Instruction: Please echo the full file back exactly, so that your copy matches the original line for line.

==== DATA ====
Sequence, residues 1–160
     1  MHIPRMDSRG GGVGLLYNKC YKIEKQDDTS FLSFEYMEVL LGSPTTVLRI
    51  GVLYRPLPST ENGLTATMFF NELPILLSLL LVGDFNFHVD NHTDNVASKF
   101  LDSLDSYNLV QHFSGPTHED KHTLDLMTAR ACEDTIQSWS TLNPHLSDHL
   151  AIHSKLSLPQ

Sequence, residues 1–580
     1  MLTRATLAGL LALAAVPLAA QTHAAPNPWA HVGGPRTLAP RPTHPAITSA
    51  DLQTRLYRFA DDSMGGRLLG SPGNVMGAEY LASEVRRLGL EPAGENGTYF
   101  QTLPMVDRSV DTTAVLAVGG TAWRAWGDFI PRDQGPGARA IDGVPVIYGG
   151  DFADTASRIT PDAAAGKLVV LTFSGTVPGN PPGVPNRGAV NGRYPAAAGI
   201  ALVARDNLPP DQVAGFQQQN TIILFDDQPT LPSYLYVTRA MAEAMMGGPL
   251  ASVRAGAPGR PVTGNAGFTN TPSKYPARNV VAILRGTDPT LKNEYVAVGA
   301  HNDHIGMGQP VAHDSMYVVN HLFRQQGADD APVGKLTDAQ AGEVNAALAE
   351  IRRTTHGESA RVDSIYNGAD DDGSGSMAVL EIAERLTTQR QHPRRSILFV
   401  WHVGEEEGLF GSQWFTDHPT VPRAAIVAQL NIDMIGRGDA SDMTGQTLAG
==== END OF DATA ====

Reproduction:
Sequence, residues 1–160
     1  MHIPRMDSRG GGVGLLYNKC YKIEKQDDTS FLSFEYMEVL LGSPTTVLRI
    51  GVLYRPLPST ENGLTATMFF NELPILLSLL LVGDFNFHVD NHTDNVASKF
   101  LDSLDSYNLV QHFSGPTHED KHTLDLMTAR ACEDTIQSWS TLNPHLSDHL
   151  AIHSKLSLPQ

Sequence, residues 1–580
     1  MLTRATLAGL LALAAVPLAA QTHAAPNPWA HVGGPRTLAP RPTHPAITSA
    51  DLQTRLYRFA DDSMGGRLLG SPGNVMGAEY LASEVRRLGL EPAGENGTYF
   101  QTLPMVDRSV DTTAVLAVGG TAWRAWGDFI PRDQGPGARA IDGVPVIYGG
   151  DFADTASRIT PDAAAGKLVV LTFSGTVPGN PPGVPNRGAV NGRYPAAAGI
   201  ALVARDNLPP DQVAGFQQQN TIILFDDQPT LPSYLYVTRA MAEAMMGGPL
   251  ASVRAGAPGR PVTGNAGFTN TPSKYPARNV VAILRGTDPT LKNEYVAVGA
   301  HNDHIGMGQP VAHDSMYVVN HLFRQQGADD APVGKLTDAQ AGEVNAALAE
   351  IRRTTHGESA RVDSIYNGAD DDGSGSMAVL EIAERLTTQR QHPRRSILFV
   401  WHVGEEEGLF GSQWFTDHPT VPRAAIVAQL NIDMIGRGDA SDMTGQTLAG